Figure 4
figure 4

Fluorescence in situ hybridization analysis in cells derived from dedifferentiated liposarcoma and Ewing sarcoma. (a) Percent of abnormal cells. Representative pictures showing MDM2 amplification (b) in liposarcoma (LS) patient 4 (LS4) and rearrangement in the EWSR1 gene in Ewing patient 1 (Ewing1) (c).

Ewing Patient 1

From Ewing patient 1, who died 52 weeks following diagnosis, cells were obtained from naive BX (week 0), chemotherapy-treated RX (week 21) and from a recurrence (RC) at week 32. BX-derived cells showed a high degree of abnormality by karyotyping and FISH (Figures 3 and 4) and RC-derived cells were also highly abnormal by karyotyping. The short survival of this patient and the highly complex karyotype is consistent with short survival of a subgroup of Ewing patients with complex karyotypes and/or trisomy 20.28 Therefore it was surprising to find an inversion of chromosome 10 as sole aberration in the RX-derived cells 10 (Figure 3). The failure to detect the highly complex karyotype seen in BX- and RC-derived cells is most likely consistent with a cytogenetic remission, as the patient underwent chemotherapy. However, it is not excluded that sarcoma cells were suppressed by non-tumor cells such as fibroblasts as often observed in long-term cultures. We therefore investigated the morphology and CD99 expression29 in these cells (Figure 5). BX-derived cells grew as loosely attached patches that did not reach confluence. RX-derived cells were firmly attached and looked fibroblast like, whereas RC-derived cells were almost unattached or became loosely attached after several days of seeding (Figure 5a). BX and RC derived strongly stained for CD99, whereas staining of RX-derived cells was faint, although above isotype control (Figure 5b). Staining in suspension showed high degree of CD99-positive cells in BX- and RC-derived cells (Figure 5c). RX-derived cells, lacking the complex karyotype, having low CD99 expression and a fibroblast-like morphology, should therefore be considered as stromal cells rather than tumor cells.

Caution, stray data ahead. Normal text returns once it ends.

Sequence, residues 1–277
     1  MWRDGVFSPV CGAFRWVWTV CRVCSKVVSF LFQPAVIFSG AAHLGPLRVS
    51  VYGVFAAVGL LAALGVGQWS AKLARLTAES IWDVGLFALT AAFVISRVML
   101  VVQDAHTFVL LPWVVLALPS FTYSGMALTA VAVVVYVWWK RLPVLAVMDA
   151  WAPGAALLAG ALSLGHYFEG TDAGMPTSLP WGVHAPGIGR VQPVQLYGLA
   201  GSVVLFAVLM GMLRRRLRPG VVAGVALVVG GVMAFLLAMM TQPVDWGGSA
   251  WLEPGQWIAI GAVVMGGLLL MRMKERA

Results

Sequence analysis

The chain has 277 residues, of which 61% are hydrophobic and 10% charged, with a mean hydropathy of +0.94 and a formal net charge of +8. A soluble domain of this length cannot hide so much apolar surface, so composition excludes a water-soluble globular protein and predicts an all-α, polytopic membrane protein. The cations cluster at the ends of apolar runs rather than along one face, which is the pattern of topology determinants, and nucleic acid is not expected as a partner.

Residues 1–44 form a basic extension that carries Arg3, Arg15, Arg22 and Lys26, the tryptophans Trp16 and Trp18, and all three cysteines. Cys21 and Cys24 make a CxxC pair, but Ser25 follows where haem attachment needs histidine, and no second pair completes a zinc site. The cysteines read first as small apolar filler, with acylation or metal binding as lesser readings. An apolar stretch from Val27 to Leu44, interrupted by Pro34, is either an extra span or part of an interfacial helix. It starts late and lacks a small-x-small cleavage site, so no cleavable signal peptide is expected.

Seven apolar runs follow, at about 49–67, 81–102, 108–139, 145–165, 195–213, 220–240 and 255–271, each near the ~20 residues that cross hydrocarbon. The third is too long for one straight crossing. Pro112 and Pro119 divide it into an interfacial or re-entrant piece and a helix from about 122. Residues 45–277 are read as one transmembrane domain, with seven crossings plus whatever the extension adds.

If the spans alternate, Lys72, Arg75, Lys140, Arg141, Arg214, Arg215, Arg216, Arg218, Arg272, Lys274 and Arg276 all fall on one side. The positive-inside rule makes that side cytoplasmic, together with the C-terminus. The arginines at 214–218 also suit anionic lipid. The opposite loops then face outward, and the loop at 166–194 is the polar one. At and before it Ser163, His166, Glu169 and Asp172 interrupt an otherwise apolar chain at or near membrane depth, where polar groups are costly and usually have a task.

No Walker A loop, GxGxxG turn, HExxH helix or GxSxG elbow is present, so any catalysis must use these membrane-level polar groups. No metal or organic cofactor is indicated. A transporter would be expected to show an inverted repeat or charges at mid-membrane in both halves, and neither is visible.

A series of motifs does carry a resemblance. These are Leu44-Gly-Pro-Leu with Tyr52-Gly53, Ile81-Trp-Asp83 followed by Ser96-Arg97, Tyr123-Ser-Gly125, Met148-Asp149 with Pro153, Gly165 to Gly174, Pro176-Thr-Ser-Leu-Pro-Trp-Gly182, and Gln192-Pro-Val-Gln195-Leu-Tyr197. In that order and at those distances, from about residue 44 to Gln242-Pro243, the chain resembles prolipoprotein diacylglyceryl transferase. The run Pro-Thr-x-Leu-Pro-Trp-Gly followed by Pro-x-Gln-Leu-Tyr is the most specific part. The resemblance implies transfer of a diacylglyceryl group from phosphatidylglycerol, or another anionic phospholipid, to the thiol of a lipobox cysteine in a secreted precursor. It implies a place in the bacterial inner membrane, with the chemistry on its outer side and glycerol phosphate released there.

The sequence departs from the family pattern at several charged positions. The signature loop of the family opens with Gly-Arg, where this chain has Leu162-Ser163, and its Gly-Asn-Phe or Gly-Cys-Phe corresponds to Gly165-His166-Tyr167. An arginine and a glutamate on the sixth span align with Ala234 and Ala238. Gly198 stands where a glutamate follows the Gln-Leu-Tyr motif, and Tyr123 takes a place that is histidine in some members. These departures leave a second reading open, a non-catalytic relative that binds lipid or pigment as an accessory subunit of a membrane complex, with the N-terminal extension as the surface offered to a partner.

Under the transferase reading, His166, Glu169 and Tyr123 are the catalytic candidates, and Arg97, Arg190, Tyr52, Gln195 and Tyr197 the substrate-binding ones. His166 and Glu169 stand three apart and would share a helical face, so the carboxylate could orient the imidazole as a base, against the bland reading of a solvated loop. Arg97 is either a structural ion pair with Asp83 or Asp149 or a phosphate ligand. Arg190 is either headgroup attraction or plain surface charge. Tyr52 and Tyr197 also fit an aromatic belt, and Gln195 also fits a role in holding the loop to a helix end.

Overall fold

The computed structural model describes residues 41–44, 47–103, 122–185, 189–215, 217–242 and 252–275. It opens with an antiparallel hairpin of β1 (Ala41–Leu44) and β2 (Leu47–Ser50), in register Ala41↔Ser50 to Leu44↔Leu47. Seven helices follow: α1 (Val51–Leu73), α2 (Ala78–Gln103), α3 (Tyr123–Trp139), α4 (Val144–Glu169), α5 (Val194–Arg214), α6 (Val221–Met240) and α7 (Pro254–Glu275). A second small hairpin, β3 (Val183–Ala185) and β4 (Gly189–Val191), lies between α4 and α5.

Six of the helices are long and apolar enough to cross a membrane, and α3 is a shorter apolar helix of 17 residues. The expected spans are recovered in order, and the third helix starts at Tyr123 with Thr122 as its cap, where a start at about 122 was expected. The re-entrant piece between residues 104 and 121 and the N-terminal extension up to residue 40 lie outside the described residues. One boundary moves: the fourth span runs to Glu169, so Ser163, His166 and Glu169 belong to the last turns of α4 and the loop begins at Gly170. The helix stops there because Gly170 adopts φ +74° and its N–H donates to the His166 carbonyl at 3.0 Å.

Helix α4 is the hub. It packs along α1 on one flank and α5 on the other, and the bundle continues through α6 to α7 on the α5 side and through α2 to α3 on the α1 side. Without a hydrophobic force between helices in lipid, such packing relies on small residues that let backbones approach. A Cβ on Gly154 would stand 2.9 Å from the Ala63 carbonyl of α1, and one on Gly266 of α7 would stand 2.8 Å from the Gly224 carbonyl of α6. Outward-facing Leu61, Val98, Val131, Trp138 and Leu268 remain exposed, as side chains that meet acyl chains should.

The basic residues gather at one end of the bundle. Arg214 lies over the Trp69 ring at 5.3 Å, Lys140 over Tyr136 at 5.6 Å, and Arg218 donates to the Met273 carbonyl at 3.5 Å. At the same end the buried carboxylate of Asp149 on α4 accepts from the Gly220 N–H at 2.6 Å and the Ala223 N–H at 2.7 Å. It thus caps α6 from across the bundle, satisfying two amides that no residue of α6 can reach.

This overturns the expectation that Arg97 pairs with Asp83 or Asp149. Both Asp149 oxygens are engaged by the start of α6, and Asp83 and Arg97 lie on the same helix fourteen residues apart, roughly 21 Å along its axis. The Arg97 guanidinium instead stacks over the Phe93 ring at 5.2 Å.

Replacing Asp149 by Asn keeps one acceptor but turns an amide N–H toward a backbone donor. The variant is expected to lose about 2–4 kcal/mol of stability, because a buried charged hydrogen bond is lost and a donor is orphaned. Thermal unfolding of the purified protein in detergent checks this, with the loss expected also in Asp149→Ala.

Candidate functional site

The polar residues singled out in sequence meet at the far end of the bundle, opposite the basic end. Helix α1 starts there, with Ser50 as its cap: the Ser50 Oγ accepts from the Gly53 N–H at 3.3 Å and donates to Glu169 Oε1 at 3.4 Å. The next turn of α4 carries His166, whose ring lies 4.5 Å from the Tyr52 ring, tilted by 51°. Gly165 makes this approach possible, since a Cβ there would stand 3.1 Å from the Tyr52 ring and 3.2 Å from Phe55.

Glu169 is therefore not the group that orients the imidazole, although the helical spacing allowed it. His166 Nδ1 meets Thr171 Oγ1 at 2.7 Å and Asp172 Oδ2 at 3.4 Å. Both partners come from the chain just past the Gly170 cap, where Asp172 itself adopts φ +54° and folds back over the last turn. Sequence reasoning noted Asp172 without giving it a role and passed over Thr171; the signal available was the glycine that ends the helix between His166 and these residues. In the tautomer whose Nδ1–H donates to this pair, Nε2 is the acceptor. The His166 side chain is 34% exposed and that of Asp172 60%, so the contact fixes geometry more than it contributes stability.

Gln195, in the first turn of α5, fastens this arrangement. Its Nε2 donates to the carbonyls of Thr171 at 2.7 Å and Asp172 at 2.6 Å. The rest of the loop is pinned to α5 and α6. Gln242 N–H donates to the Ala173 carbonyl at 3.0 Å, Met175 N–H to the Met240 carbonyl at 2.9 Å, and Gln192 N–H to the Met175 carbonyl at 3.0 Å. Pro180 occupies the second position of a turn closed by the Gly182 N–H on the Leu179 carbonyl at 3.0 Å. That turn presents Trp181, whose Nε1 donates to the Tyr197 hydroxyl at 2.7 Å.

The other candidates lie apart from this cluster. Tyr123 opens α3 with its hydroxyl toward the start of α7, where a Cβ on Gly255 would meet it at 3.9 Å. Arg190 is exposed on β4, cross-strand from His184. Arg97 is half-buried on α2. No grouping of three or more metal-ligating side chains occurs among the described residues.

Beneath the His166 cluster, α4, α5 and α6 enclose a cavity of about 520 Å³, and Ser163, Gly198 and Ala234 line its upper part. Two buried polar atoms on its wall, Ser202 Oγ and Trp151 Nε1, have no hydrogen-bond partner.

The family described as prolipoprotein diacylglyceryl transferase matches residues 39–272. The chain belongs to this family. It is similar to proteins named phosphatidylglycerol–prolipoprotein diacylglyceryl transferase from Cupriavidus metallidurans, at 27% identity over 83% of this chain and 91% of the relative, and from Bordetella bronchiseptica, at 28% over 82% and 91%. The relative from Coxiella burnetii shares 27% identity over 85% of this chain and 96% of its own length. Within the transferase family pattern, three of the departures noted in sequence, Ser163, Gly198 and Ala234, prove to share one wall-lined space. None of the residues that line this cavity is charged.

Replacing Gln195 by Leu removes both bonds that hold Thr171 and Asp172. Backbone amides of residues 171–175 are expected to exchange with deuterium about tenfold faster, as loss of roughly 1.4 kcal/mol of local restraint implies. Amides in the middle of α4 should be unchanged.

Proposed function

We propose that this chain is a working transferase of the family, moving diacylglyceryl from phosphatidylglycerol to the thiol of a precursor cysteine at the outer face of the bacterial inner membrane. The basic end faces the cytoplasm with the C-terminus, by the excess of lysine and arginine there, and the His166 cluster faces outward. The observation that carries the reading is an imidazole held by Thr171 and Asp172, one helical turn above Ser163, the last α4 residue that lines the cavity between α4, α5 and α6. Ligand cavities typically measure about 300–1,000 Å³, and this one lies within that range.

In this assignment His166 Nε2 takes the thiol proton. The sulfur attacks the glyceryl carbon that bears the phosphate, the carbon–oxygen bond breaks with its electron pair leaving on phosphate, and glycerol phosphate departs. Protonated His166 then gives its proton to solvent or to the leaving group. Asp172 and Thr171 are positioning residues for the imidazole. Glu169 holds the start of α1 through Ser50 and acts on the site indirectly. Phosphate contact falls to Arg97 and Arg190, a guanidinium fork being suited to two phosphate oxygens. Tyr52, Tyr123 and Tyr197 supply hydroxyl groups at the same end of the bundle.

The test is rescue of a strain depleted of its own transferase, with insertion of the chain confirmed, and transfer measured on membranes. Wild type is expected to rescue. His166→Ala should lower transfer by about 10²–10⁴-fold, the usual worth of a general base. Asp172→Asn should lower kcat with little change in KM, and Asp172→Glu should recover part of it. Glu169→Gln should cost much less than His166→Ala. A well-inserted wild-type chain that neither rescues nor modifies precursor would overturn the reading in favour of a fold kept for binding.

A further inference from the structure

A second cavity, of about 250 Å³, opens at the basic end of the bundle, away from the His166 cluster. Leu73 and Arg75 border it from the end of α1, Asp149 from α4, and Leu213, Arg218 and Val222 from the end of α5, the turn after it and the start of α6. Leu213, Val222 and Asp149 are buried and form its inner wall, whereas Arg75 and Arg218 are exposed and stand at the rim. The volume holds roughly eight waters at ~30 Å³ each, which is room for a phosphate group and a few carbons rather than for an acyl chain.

Figure 5
figure 5

CD99 expression in biopsy- (BX), resection- (RX), and recurrence- (RC) derived cells from Ewing sarcoma patient 1. (a) Bright field images. (b) Staining with CD99 antibody or isotype control of cells grown on gelatin-coated glass slides. (c) Staining with CD99 antibody or isotype control and Hoechst nuclear dye of BX and RC derived cells in suspension. After staining cells were transferred to a Neubauer chamber and pictures were analyzed with ImageJ to calculate the percentage of CD99-positive cells. Scale bars, 200 μm.


Overall, the success rates, defined as percent of samples yielding enough cells to be frozen, were high (50–100%) in a total of 734 investigated samples, with bone sarcomas having a significant higher success rate than soft tissue sarcomas (Table 2). When low times to freezing were considered as an additional parameter for overall success, bone sarcomas had significant lower times to freezing than soft tissue sarcoma. With 75–91% success rates and times to freezing ranging from 58 to 68 days, the chondrogenic and osteogenic sarcomas and Ewing sarcoma seem the most promising entities to obtain patient-derived tumor cells, also with respect to malignancy and/or incidence. Unfortunately, the most common malignant soft tissue tumors, liposarcoma, had a low success rate and high times to freezing. Here, we speculate that the high lipid content might keep the tissues floating, thereby preventing them from adherence to the plastic dishes and ultimately cellular outgrowth.